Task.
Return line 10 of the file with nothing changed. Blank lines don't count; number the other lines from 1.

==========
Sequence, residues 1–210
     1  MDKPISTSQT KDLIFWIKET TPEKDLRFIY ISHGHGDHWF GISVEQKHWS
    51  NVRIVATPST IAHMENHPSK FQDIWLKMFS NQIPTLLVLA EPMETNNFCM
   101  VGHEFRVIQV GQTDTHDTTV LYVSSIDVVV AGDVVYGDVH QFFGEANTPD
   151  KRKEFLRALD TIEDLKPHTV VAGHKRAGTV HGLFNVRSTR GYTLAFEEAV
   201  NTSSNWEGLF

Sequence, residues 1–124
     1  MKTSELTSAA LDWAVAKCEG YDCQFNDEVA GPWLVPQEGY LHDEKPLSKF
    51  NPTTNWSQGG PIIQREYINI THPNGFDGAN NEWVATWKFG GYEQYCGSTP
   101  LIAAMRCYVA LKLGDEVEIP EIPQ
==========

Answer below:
   101  LIAAMRCYVA LKLGDEVEIP EIPQ